Archive for December, 2011

"Wave" Goodbye

Jiasundar’s post on Google Wave finally turning out the lights reminded me of our own attempt to collaborate on a blog post via Google Wave. We got reasonable far with it but ran out of steam – I think partly

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BlueworksLive Update – December 2011

IBM has released a new update to BlueworksLive, on December 17th.  We had a preview just two days before it went live to discuss some of the thought behind the features. What interests me isn’t just the outcome but the

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Simplify, Please

Gary Comerford: I think one of the reasons that a lot of process management projects tend to get bogged down is because they try to understand the ‘whole level of detail’ issue way too early. I sat today with one

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A New Process for Products?

Yesterday’s post on the Cosmonaut has me thinking about how new products are developed and released into the wild.  We focus so much on startups and processes in the software and virtual world, but Kickstarter has exposed a new process

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A Short Review of Cosmonaut

(Editors note: this is part product review, part examination of a new process emerging) Well, we know Steve Jobs was not a big fan of the stylus.  And I’m happy Apple didn’t design touch interfaces that required them.  But like

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Another Take on the Talent Shortage

According to Naval, we’ve got the problem all wrong: “There isn’t a shortage of developers and designers. There’s a surplus of founders.” He makes a compelling argument as to the “why” : The cost of starting a company has collapsed.

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Austin Keeps Rolling

Lots of good economic news in the city of Austin lately. Formula 1 is back on track.  There’s some debate, locally, about the value this has for Austin’s economy, but it is clearly a net-positive for the next 10 years.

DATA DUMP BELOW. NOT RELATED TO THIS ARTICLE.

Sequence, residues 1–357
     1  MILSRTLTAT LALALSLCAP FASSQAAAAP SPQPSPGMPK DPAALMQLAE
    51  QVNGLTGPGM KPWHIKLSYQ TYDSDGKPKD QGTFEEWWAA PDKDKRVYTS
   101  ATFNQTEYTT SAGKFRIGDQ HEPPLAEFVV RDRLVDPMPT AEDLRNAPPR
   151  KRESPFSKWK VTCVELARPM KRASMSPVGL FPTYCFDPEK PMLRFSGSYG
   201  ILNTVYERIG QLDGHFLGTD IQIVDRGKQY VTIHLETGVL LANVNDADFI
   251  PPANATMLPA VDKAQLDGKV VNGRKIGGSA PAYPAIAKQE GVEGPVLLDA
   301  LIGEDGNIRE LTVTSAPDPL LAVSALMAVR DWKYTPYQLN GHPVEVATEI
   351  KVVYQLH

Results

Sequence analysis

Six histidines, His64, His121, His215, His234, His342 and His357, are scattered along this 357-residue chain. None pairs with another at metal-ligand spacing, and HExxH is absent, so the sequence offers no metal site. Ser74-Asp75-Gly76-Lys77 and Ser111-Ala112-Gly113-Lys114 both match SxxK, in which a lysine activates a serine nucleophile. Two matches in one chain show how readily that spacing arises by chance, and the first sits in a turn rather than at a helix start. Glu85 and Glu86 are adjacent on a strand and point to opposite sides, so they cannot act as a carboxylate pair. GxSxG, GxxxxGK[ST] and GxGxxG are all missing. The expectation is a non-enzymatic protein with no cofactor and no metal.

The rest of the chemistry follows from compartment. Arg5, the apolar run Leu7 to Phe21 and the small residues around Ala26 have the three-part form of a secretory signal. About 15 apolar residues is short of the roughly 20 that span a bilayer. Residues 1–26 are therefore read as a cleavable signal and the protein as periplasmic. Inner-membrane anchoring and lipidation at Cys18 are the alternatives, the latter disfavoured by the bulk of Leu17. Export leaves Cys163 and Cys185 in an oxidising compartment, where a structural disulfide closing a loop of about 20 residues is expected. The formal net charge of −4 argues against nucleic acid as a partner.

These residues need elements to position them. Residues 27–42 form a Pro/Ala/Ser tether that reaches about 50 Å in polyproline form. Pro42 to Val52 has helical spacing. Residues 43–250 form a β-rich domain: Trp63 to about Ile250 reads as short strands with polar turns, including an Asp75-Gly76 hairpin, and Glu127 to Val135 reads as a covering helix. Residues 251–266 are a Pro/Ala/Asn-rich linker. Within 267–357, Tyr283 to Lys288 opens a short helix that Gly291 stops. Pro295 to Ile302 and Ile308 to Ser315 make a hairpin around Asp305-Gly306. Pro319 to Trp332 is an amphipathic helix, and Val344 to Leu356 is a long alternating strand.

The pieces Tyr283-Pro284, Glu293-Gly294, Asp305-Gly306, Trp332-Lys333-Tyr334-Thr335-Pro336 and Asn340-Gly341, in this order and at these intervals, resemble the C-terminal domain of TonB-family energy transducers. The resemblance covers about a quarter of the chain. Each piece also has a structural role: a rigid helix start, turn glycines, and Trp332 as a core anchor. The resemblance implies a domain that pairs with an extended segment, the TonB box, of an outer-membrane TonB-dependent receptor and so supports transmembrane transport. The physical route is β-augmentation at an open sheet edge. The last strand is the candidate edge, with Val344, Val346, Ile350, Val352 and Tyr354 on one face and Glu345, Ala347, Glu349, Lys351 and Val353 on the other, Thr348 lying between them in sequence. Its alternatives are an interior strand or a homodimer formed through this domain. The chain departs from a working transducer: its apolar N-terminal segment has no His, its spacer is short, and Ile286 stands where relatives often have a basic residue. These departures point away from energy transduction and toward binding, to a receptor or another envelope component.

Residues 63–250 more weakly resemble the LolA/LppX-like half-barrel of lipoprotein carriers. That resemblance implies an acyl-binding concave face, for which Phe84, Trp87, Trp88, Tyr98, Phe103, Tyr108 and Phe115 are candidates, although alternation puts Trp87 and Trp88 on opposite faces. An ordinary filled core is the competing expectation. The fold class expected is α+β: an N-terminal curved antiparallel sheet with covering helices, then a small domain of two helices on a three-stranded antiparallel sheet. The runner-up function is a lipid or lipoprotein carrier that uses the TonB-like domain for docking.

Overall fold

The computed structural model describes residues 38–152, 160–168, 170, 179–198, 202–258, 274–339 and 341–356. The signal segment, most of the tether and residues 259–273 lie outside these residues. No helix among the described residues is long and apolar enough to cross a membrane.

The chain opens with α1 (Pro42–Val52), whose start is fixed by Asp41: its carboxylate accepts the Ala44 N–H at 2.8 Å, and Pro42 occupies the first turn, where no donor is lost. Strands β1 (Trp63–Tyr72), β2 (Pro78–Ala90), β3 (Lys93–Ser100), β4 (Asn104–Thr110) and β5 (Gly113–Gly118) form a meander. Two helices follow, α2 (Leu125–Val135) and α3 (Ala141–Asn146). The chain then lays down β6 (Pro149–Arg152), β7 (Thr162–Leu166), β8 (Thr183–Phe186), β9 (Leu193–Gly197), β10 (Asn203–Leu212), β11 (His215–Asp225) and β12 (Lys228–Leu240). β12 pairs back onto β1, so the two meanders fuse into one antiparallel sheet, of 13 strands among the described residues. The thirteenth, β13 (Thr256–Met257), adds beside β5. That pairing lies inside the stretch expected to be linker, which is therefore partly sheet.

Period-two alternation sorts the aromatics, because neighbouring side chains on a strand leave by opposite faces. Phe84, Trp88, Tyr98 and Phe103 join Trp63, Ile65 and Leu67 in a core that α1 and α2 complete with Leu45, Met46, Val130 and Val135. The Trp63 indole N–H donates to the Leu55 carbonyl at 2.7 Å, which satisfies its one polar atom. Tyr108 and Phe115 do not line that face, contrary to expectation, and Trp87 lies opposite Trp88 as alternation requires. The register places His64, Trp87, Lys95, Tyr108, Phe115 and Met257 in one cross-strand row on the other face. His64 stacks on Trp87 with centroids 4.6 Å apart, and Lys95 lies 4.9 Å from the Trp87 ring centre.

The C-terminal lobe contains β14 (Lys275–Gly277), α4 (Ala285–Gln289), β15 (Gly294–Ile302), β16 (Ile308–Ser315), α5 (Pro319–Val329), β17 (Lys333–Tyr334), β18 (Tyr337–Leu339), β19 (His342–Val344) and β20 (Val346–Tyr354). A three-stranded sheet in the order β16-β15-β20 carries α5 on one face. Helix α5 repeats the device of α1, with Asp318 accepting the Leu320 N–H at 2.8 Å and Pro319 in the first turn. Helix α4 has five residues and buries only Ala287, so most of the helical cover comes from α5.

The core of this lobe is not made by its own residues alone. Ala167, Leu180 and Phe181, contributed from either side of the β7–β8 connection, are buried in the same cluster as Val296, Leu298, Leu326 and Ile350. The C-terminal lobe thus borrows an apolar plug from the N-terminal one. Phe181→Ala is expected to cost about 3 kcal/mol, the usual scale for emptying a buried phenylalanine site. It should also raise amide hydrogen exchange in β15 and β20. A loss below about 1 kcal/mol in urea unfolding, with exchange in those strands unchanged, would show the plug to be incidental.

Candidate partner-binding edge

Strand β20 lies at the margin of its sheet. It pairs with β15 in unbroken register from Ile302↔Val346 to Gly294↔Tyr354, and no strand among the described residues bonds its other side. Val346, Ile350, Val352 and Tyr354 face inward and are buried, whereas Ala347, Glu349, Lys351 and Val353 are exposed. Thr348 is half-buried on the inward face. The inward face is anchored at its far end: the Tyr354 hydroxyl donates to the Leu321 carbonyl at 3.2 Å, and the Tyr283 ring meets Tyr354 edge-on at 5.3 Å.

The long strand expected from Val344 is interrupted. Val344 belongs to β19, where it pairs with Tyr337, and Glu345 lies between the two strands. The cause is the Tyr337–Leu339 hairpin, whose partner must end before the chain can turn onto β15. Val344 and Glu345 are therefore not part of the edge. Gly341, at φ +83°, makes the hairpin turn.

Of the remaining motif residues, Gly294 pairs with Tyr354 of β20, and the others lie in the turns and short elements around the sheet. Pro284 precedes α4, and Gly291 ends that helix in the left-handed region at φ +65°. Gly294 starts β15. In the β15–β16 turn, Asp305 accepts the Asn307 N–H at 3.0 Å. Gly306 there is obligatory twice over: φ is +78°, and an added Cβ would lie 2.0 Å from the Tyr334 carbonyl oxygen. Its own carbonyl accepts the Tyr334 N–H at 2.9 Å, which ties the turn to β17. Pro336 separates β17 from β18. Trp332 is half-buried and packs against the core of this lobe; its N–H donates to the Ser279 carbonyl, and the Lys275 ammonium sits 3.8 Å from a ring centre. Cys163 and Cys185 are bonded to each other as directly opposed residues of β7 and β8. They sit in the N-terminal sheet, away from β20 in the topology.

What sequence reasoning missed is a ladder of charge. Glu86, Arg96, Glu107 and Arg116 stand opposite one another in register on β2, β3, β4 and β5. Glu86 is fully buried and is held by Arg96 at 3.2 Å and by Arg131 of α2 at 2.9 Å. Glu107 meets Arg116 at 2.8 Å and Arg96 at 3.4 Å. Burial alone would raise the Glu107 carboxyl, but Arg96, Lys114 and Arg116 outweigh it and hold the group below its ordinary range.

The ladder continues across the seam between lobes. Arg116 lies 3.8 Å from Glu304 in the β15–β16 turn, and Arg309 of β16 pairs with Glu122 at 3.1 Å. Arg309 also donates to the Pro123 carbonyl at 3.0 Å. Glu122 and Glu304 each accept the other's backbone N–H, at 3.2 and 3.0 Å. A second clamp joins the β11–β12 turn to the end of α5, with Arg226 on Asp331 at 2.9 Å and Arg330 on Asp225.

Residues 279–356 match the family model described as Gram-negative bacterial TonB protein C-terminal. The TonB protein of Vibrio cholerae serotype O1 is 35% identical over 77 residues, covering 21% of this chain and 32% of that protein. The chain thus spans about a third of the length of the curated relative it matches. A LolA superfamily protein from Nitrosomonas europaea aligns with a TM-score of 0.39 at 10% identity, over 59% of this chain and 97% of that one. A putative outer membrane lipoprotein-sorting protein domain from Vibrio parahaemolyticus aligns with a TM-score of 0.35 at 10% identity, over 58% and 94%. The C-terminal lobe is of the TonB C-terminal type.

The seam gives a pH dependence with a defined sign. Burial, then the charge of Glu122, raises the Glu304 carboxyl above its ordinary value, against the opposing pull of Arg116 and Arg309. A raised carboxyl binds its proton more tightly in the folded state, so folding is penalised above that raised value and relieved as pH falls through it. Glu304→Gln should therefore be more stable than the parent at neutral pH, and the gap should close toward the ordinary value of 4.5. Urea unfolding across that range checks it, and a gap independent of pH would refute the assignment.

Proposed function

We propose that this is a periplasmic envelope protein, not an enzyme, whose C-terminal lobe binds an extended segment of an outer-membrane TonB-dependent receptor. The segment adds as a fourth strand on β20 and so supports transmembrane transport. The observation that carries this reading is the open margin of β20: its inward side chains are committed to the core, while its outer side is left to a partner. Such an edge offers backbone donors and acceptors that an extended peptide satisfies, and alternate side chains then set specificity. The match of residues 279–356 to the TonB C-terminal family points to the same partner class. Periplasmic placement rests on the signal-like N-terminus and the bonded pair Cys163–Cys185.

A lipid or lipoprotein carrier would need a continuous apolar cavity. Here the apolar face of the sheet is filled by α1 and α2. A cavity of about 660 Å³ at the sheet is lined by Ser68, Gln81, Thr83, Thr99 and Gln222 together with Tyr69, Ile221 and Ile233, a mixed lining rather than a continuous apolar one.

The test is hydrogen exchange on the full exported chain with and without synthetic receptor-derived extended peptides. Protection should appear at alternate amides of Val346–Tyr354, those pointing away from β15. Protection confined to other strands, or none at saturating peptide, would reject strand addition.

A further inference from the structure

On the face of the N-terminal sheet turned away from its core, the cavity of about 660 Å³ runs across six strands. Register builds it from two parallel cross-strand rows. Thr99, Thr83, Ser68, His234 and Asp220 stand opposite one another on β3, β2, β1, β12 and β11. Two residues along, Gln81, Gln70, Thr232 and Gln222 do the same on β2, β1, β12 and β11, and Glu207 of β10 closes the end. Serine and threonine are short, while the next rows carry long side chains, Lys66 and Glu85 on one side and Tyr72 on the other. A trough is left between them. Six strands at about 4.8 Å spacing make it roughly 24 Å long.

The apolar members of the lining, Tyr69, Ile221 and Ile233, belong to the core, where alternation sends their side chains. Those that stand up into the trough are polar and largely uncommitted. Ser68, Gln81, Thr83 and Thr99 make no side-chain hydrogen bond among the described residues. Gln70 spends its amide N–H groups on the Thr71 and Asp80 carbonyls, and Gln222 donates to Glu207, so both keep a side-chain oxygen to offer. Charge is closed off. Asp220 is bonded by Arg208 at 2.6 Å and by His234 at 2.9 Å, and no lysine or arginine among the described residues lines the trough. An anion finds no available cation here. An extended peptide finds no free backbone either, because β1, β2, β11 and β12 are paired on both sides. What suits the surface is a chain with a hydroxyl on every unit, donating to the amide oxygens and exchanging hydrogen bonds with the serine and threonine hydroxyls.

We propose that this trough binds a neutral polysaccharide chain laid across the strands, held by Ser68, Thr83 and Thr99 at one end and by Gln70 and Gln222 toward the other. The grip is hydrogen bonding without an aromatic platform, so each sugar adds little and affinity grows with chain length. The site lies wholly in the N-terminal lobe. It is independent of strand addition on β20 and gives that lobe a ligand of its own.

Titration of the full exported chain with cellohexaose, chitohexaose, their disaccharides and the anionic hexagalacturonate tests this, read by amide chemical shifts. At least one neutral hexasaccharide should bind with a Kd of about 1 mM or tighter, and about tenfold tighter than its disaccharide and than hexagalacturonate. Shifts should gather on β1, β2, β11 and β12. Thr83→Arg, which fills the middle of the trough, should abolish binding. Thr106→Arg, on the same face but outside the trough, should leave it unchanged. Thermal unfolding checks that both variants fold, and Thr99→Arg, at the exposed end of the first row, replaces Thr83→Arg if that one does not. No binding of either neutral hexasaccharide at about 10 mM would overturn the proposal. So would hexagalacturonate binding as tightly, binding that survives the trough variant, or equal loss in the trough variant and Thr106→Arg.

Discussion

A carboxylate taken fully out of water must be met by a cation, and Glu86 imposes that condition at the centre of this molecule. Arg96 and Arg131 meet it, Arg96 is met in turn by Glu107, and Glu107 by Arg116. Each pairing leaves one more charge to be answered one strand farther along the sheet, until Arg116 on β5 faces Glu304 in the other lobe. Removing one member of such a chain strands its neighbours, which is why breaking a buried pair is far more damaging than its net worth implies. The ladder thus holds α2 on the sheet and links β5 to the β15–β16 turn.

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Retention Failures

Eric Jackson of Forbes recently wrote the Top Ten Reasons Why Large Companies Fail to Keep Their Best Talent. The article lays out some very good reasons why top talent gets frustrated with big companies. But the focus is still

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BPM Methods: A Change in Software LifeCycle

Editor’s note: this is a repost of Gary Samuelson’s post of the same title on his own blog, found here.  As in business, BPM projects either produce or fail. And, in varying degrees, BPM honestly tries. Maintaining net-value is an

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The Not-Integrated Approach

There are lots of arguments for and against Apple’s integrated approach.  As I recall from economics and watching certain industries, there’s an efficiency to horizontal scaling of an industry. But, we’ve seen the design benefits of the integrated approach with

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Fill in the White Space, and Inverting the Process Life Cycle

It isn’t easy to fill in the white space.  It is harder to design a good software solution from scratch than to fix a bug in an otherwise working solution, or to design a small addition to a working piece

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How Big a Role for BPMN?

Peter Schooff of ebizQ asks: “How big of a role does BPMN play in today’s projects?” And the responses were interesting to me.  Most of them took the line that BPMN isn’t that important, or that they don’t typically use

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Lest you think that Mergers are the Stuff of ACM…

Jim Sinur weighs in with a blog post that supports a point I’ve made before:  that companies who aggressively acquire other companies use standard processes to make it work.  Take this anecdote from Jim: This success snippet is about an

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More BPM Acquisitions in 2011

Analysts were predicting more consolidation in 2011, and it looks like the late-year acquisitions are happening again. First, doc capture specialist Kofax has acquired Singularity, a BPM and case management provider.  Kofax has been part of many a BPM project,

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